Insomnia

Insomnia is defined as difficulty initiating, or maintaining sleep at least 3 nights per week, in addition to complaints of sleep-related daytime impairment. It is the most common sleep disorder, affecting up to 10% of adults. Sufficient and restful sleep is a human necessity. The average adult needs slightly more than 8 hours of sleep a day. But only 35% of American adults consistently get this amount of rest.

People with insomnia tend to experience one or more of the following sleep disturbances:

Insomnia may stem from a disruption of the body's circadian rhythm, an internal clock that governs the timing of hormone production, sleep, body temperature, and other functions. While occasional restless nights are normal, prolonged insomnia can interfere with daytime function, concentration, and memory. Insomnia increases the risk of substance abuse, motor vehicle accidents, headaches, and depression. Recent surveys indicate that 50% of people suffer from sleep difficulties, and 20 to 36% of them struggle with such difficulties for at least 1 year. Other studies show that 1 person out of 3 in the United States has insomnia, but only 20% tell their health care providers about it.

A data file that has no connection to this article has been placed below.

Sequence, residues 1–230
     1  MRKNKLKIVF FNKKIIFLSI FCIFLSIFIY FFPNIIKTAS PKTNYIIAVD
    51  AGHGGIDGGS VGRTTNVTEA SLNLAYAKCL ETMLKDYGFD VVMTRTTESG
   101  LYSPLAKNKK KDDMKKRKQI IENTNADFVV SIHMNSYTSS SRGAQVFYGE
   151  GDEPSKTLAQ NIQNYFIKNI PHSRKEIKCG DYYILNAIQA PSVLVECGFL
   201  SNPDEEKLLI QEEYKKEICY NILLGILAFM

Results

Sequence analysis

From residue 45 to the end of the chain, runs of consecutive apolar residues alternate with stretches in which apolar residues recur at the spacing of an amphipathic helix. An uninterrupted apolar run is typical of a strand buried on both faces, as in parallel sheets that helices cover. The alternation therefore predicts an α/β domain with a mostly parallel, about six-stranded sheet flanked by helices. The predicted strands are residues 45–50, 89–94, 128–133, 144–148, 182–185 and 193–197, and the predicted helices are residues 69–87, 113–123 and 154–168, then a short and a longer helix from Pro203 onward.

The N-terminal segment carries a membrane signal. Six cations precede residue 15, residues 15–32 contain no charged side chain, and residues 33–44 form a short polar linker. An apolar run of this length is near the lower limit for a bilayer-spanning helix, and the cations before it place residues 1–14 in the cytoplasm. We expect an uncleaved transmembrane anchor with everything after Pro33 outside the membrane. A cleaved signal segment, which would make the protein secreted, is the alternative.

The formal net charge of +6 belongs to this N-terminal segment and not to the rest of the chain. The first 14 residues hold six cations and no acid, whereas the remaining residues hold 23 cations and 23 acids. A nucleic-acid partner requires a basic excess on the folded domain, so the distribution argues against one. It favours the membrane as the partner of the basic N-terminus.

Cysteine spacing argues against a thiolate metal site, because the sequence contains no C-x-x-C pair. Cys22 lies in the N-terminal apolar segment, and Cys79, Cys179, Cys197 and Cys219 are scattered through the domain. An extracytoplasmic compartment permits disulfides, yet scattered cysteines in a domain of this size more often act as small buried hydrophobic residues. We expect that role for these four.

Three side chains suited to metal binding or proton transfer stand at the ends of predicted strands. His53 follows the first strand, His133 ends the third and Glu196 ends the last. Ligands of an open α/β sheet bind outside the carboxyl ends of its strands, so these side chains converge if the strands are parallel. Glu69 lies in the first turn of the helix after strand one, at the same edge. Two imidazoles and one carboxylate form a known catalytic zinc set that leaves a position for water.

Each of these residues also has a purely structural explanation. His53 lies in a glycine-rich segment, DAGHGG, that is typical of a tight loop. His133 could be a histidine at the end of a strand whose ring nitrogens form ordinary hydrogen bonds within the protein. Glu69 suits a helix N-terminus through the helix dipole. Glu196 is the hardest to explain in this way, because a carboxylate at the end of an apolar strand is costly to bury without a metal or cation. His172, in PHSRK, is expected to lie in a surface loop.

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Review Date: 2/4/2016  

Reviewed By: Steven D. Ehrlich, NMD, Solutions Acupuncture, a private practice specializing in complementary and alternative medicine, Phoenix, AZ. Review provided by VeriMed Healthcare Network. Also reviewed by the A.D.A.M. Editorial team.

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